Soaring, Surfing & Sailing


Born in New York on April 5, 1912, the older of two children, Woodbridge (Woody) Parker Brown came from a very wealthy home, headed by a father with a seat on the Wall Street Stock Exchange. Woody was expected to step into that position.

But he had other ideas and, at the age of 16, walked away from school in favor of hanging out at Long Island airfields, because he was crazy about planes. He learned to fly, and acquired a glider. (Gillette)

He met aviator Charles Lindbergh at Curtis Field on Long Island. Inspired by Lindbergh, Woody learned to fly in a Curtiss JN-4 “Jenny,” an obsolete single-engine trainer used by the US Army Air Service in World War I. (Kampion)

Woody virtually lived at New York’s Curtis Field where he became a protégé of Lindbergh, but Woody soon discovered that his true passion was for the unique world of gliders, soaring silently on invisible currents of air. His goal was to acquire the finely tuned sensitivity required to read the air and wind with nothing to hold him aloft but his own skill. (dlbfilms)

“Soaring appealed to me because it’s like surfing or sailing. It’s working with nature; not ‘Brute Force and Bloody Ignorance.’ You know, you give something enough horse power and no matter what it is it’ll fly.”

“Flying was brand new, then! Every time you took off it was an experiment. You didn’t know what was gonna happen. Every flight was a brand new flight. So, it was real exciting.” (Brown; Gault-Williams)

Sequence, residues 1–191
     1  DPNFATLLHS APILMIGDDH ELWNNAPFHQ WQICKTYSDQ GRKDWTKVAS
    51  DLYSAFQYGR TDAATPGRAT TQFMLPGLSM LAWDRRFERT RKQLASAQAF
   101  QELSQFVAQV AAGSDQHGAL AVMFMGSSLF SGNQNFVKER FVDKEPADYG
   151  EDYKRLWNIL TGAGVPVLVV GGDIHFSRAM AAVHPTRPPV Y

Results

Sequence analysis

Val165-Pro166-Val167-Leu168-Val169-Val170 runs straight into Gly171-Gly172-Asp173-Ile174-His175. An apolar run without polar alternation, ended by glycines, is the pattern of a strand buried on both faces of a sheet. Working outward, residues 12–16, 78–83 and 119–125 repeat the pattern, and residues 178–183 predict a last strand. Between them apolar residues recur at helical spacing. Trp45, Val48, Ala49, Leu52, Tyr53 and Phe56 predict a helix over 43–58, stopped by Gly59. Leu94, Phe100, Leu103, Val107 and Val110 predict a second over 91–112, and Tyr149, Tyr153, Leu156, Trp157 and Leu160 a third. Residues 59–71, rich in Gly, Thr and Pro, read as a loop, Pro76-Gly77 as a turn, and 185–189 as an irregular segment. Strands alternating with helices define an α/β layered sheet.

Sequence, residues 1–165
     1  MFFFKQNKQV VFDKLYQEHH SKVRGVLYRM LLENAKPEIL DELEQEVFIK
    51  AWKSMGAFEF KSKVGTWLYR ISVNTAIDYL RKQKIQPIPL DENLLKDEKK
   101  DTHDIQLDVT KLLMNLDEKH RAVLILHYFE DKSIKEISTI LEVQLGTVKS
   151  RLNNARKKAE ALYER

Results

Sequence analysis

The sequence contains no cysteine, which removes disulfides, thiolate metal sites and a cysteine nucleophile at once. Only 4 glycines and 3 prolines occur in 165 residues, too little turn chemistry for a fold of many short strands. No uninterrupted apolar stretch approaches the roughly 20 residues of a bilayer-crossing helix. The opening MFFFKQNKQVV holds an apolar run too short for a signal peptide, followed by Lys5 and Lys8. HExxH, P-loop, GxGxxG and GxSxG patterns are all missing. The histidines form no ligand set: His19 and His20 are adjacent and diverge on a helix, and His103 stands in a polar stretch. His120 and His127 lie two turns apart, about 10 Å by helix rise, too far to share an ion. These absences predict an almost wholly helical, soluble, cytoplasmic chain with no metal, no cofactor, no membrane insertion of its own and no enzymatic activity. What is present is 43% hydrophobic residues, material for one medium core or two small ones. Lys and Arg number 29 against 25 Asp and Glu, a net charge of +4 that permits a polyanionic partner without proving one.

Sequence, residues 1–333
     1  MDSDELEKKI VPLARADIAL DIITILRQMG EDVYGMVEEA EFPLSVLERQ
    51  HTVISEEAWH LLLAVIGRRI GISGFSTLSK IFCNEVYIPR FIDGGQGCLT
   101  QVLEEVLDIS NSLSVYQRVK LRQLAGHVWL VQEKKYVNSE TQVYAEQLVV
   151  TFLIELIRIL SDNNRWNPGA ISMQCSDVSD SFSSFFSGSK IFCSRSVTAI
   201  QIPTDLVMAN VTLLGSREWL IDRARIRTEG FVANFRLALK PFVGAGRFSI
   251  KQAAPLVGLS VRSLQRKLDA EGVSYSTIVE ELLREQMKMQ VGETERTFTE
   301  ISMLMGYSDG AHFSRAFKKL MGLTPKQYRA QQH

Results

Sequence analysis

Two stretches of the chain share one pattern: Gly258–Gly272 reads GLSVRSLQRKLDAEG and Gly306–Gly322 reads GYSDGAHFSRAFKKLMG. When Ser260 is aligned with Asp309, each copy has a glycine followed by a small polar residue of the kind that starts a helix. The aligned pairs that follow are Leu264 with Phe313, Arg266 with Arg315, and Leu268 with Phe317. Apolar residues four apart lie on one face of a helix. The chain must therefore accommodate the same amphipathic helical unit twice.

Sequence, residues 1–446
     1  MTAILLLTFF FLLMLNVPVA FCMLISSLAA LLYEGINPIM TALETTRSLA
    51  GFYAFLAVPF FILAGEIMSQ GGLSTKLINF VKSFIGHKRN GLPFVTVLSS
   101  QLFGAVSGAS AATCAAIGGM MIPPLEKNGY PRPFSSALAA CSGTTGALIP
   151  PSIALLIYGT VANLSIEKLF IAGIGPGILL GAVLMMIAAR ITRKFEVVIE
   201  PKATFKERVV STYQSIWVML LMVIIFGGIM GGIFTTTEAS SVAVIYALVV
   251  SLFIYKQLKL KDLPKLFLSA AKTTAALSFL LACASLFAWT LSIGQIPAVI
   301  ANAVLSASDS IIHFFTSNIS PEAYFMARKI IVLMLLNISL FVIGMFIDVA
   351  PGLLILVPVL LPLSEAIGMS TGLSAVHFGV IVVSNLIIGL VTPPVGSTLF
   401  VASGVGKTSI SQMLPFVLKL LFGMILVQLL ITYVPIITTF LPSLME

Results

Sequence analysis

He soon met Elizabeth (Betty) an Englishwoman and they headed West to San Diego in 1935. The young couple lived at La Jolla, where Woody got into bodysurfing, then surfing.

He built his own board, a hollow plywood “box” that would float him so he could catch waves at Windansea, Bird Rock, and Pacific Beach. His second board – the “snowshoe” – was more refined.

He adapted some of the aerodynamic wisdom he’d acquired to the much denser medium of water. The outline was traced from the fuselage of his glider; it featured a vee bottom and a small skeg.

At nearby Torrey Pines, he was the first to launch a glider from the high bluffs into the vaulting updraft of the onshore breeze. He survived a couple of near-death experiences there and a couple of crashes riding the inland thermals. He became a soaring champion, winning meets around the state and country.

In the midst of “the happiest years of my life” (Kampion,) in 1939, at Wichita Falls, Brown flew his Thunderbird glider 263-miles to national and world records of altitude, distance, maximum time aloft and goal flight. President Herbert Hoover sent him a congratulatory telegram. (Marcus)

He made it home for the birth of his son; unfortunately, his wife, Betty, died in childbirth. Distraught, he left his infant son and all of his possessions in La Jolla and moved to Hawai‘i (he eventually reconciled with his abandoned son, some 60 years after the fact.) (Surfer)